New Delhi: The International Air Transport Association (IATA) expects about 2% of flights to the US and 3% of flights to the UK to be affected by a ban on some electronic items imposed by the two countries.
Electronic devices larger than a cell phone/smart phone won’t be allowed on board flights from some airports. Electronic devices that exceed this size limit must be secured in checked-in luggage.
Passengers flying to the US directly from airports like Dubai, Abu Dhabi, Doha, Kuwait, Cairo, Istanbul and Kuwait will be impacted and “should allow (for) extra time at the airport," IATA said on Wednesday.
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IATA calculations show that this ban will impact about 350 scheduled flights a week, equivalent to about 2% of total international flights to the US.
The UK government said flights from Turkey, Lebanon, Egypt, Saudi Arabia, Jordan and Tunisia will be subject to the restrictions.
IATA calculations show that this ban will impact about 393 scheduled passenger flights per week, equivalent to about 2.7% of the total international scheduled passenger flights to the UK.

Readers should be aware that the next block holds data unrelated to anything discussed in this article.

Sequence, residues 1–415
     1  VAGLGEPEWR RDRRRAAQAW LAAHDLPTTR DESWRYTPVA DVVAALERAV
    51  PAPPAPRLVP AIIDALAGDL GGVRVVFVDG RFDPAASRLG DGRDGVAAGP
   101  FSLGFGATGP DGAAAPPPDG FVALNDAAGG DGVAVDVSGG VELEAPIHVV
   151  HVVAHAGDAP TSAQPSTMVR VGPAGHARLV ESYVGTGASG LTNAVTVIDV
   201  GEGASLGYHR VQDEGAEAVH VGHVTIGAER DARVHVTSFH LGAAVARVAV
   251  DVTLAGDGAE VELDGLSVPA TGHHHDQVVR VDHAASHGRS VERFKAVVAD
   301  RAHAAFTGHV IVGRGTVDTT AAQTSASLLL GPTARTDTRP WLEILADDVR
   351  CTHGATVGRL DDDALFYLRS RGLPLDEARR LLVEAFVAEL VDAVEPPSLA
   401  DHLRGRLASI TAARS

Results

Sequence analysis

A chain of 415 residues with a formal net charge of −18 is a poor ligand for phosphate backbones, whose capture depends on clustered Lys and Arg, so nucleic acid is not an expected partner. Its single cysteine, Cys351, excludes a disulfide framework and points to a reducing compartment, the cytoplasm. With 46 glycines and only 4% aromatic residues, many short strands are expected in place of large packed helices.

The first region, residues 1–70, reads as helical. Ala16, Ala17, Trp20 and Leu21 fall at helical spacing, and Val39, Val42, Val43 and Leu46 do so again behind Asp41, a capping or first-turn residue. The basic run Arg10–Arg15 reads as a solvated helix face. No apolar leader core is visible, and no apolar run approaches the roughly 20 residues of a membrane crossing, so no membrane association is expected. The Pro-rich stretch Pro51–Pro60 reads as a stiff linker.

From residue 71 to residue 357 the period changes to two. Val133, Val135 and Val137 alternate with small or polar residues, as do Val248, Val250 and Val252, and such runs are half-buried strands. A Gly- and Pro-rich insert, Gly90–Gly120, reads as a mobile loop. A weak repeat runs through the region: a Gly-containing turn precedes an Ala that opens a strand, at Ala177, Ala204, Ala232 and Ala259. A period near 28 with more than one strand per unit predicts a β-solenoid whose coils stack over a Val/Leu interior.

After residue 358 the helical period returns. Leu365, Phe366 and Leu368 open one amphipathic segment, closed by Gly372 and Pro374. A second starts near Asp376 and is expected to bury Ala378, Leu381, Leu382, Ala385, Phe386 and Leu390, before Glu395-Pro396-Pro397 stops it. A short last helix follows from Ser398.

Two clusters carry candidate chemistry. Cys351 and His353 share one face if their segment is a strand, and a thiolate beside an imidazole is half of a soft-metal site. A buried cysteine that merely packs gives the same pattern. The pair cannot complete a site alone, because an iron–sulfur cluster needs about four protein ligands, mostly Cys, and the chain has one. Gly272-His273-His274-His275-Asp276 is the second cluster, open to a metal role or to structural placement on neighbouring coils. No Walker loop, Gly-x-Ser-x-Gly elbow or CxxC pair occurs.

Analysts say this could benefit Indian carriers.
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“From an India point of view, this announcement should be a gain for carriers like Jet Airways and Air India which typically fly via Europe, as travelers will prefer airlines which allow them to use these gadgets and be connected during their travel," said Yatra.com’s Sharat Dhall.
Air India said it may benefit.
“We can take it as an advantage because what is likely to happen is that passengers booked on other airlines operating from or through Middle East may consider cancelling their flights going forward," Air India director (finance) Vinod Hejmadi said.
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Air India operates six non-stop flights to four destinations in the US—San Francisco, New York City, Newark, Chicago.
The airline is also planning to introduce Washington as its fifth destination in the US in July.
Air India also operates several direct services to the UK from Delhi, Mumbai and Ahmedabad, among others.
Indian passengers account for more than 30% of the total traffic of three major Gulf carriers—Etihad, Emirates and Qatar Airways—to the US.
PTI contributed to the story.